Mission “save life”: WP showed how people are evacuated from the hell of war in Ukraine



From time to time, the ravine, just 12 kilometers from Bakhmut, hears the sounds of artillery almost around the clock. People still live in the city – without water, gas, cellular communications. From time to time they are tried to persuade them to leave, but the most stubborn ones stay.

The Washington Post published a report from the city to show how the Ukrainian military and volunteers are taking people out of hell.

After 13 months of a full-scale Russian invasion, Ukrainians too sick or too proud to evacuate from the war zone remain in danger and need someone to come to them: listen to their problems and convince them to leave, the article says.

Journalists talk about volunteers – Ignatia Ivlev-York, 27, from Briton, and Yaroslav Susik, 28, from Ukraine – they are part of a group that has evacuated 4,000 people since May, pulled them out of the most dangerous places and helped them take the first steps towards moving to the Ukraine border .

Volunteers in the city of Chasov Yar during the evacuation of the local population / Photo by The Washington Post

Why do people stay

Those left now are the most reluctant, and convincing them takes time and attention, which is often lacking in a war zone.

There is no reason why people decide to stay for so long. Some say they don't have relatives, or that they are too old or sick, or they are fatalists who are convinced “what is going to happen will happen.” Others are afraid of new difficulties, for example, to be left without a job. Some are frowning, saying that no one needs them, volunteers say.

According to Ignat, the number of evacuations has decreased from about 300 in December to 90 in the last month.

He said that he met a woman who was raped by the Russians and her husband was killed in a forest village near Kiev. He was able to convince him to leave with the child, and it filled him with great relief that people who had endured so much could be safe.

The rest of the stories don't end so well. Another man, who refused to evacuate despite his wife's pleas, later found her mutilated body after she was killed by the Russians while she was fetching water.

Ivlev-York and Susik during a mission to Vremenny Yar / Photo by The Washington Post

Chasov Yar: the evacuation did happen

Despite the difficulties, after persuasion, some residents of the city agreed to leave.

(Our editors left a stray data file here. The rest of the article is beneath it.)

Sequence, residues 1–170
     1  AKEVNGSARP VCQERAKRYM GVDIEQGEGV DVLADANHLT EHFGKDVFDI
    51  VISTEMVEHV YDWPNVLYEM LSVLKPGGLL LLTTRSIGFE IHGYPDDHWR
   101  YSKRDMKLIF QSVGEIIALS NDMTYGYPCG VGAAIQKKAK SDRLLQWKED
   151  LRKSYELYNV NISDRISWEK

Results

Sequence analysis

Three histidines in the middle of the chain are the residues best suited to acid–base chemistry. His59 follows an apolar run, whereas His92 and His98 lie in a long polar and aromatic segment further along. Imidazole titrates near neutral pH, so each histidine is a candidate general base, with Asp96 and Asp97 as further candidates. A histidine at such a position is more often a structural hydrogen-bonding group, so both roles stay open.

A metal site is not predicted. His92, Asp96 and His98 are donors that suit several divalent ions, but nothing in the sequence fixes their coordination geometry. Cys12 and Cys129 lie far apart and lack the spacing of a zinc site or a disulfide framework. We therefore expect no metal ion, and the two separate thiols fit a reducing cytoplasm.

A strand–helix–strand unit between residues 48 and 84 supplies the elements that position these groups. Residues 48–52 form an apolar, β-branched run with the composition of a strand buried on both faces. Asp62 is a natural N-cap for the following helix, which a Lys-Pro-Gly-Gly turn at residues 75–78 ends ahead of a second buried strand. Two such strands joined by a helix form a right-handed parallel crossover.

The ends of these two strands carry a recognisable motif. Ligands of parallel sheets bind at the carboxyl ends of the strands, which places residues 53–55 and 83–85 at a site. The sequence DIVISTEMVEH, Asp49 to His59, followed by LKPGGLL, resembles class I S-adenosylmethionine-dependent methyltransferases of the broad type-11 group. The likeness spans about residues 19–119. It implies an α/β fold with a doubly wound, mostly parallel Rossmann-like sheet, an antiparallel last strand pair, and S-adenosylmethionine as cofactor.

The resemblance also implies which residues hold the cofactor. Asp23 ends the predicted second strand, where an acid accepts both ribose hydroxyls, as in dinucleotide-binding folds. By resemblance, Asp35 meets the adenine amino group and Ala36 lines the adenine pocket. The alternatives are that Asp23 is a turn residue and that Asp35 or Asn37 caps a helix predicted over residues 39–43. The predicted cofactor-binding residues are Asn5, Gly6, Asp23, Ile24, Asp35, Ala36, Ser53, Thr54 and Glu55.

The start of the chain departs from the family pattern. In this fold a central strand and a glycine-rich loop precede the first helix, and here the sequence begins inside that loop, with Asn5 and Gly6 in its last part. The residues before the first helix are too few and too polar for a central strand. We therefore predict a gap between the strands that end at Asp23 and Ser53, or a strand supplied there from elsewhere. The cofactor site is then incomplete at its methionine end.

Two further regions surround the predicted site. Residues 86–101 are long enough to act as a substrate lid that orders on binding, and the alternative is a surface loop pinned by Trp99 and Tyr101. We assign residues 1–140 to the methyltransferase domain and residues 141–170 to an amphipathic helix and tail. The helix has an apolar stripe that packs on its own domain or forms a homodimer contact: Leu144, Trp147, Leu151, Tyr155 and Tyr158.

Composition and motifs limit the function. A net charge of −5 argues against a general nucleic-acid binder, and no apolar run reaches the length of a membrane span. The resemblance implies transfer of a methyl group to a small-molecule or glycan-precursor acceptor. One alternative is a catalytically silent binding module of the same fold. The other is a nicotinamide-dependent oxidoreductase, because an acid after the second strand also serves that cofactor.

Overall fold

Svetlana Goboshapova, 62, said she was nervous about the shelling. Her husband passed away a couple of years ago

Other women, Khoboshapova and Romanyuk, gathered their clothes, packed the radio and climbed into the waiting car. It is planned to stay with his nephew in Cherkassy. “Neighbors would stick together,” she said.

From the age of 19 to 94 she lived in the Time Yar: the story of Anastasia

The next evacuee on the list is Anastasia Mezena, who survived the Nazis in her youth. At the age of 94, there is more struggle in her heart than pain in her shattered hip.

A volunteer helps an elderly woman during an evacuation / Photo by The Washington Post

The woman dared to leave the house / Photo by The Washington Post

On the team's fourth visit, Anastasia still packed the essentials: onions and apples, a magnifying glass she reads with, old photographs, and worn Mother's Day cards. The plan was to take her to a shelter where volunteers would take her to her sister in Poltava.

But first she had to get to the car. But she can do it, with the help of the “golden guys”, as she calls Ivlev-York and Susik.

Evacuation can be difficult, many people have health problems, people with limited mobility / Photo by The Washington Post

Her hip hurt with every step she took, wondering if she would ever see her home again.

“I've lived here all my life,” she said, “and now I don't know where I'm going next…”. Her voice trailed off.

Anastasia Mezena cries leaving Vremya Yar / Photo by The Washington Post

Residents decide whether to leave the frontline city / Photo by The Washington Post

Note! Before the war, the population in the city of Chasov Yar numbered 15,000 people, now most have left. The infrastructure of the city is already very destroyed. The city often suffers from shelling by Russian artillery.

Can Chasov Yar become a new fortress of the Armed Forces of Ukraine

  • From time to time, the Yar functioned as a vital supply route for Ukrainian troops involved in heavy fighting in and around Bakhmut.
  • As early as March 4, Defense Ministry intelligence reported that the vital bridge connecting Vremya Yar with Bakhmut had been destroyed.
  • Bakhmut still remains the epicenter of hostilities, super-heavy battles continue outside the city, but the Armed Forces of Ukraine are confidently holding the line.

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